I am slowly approaching the 20-mile marker. I think I can make it in about 2:20 – still a 7-minute pace by the way – but I hit a porta-john just before the mile-marker. Good idea, I think. I should be revived after this short stop. Only one minor problem: when I emerge from the booth, I can’t run. My knee has given out completely. My attempt brings tremendous pain, along with the cracking and popping of things that shouldn’t be cracking and popping. It must have been some combination of two miles of shuffling, stopping and standing for 30 seconds, and then trying to get going again. This isn’t a problem, I think; I’ll just walk past the 20-mile marker and then begin running again as the course turned right. I try to run again. More pain and cracking and popping. I walk for a while more. I try to run again. More pain. I walk some more and begin to get very worried. It seemed like only moments ago that I was considering lowering my expectations from sub-3 hours to 3:05, and now all of sudden I feel like I probably won’t make it at all.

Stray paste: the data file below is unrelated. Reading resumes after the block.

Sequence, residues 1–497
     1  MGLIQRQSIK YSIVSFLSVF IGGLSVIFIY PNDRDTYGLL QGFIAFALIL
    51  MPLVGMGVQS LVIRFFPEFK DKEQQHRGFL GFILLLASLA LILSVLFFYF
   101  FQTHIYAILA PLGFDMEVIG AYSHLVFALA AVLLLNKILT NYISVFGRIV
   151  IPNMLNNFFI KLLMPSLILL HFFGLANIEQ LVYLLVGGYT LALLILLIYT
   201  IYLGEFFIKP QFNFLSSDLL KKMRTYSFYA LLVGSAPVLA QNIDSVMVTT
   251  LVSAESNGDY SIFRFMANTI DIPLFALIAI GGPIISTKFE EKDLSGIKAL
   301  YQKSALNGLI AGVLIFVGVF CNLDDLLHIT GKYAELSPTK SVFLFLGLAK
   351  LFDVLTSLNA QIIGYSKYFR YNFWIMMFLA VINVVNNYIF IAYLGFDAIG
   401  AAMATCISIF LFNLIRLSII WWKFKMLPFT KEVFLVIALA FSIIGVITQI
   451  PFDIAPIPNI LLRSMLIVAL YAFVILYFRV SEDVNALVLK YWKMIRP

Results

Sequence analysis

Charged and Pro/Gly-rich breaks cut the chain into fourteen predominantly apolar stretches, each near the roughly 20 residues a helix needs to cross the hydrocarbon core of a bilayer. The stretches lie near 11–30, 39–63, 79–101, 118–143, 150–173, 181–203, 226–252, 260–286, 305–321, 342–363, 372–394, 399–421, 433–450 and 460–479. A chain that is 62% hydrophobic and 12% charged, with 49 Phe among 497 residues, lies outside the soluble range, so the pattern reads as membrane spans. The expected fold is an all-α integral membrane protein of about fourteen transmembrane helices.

What to do? Walk for 6 miles? It would probably take an hour and a half, so maybe I could still make it under 4 hours. Or should I DNF, and just accept that this was not my day. The DNF sounds like the wiser decision, because it has the added benefits of getting me out of my pain sooner (it is even hard to walk), and of possibly doing less long-term damage. Now I wonder: how does one DNF? There had been an aid station at the 20-mile mark, and I could just walk a half-mile back there and turn myself in. Or I could continue to move forward to the next aid station, which would most likely come in a mile or so at mile 21 or 22 at the latest. Although it makes much more sense to go back, I can’t bring myself to do it. What if a miracle occurs and I can suddenly run again. I wouldn’t have the opportunity to find out if I turned back. If I keep going, I can try to run one last time before I quit for good.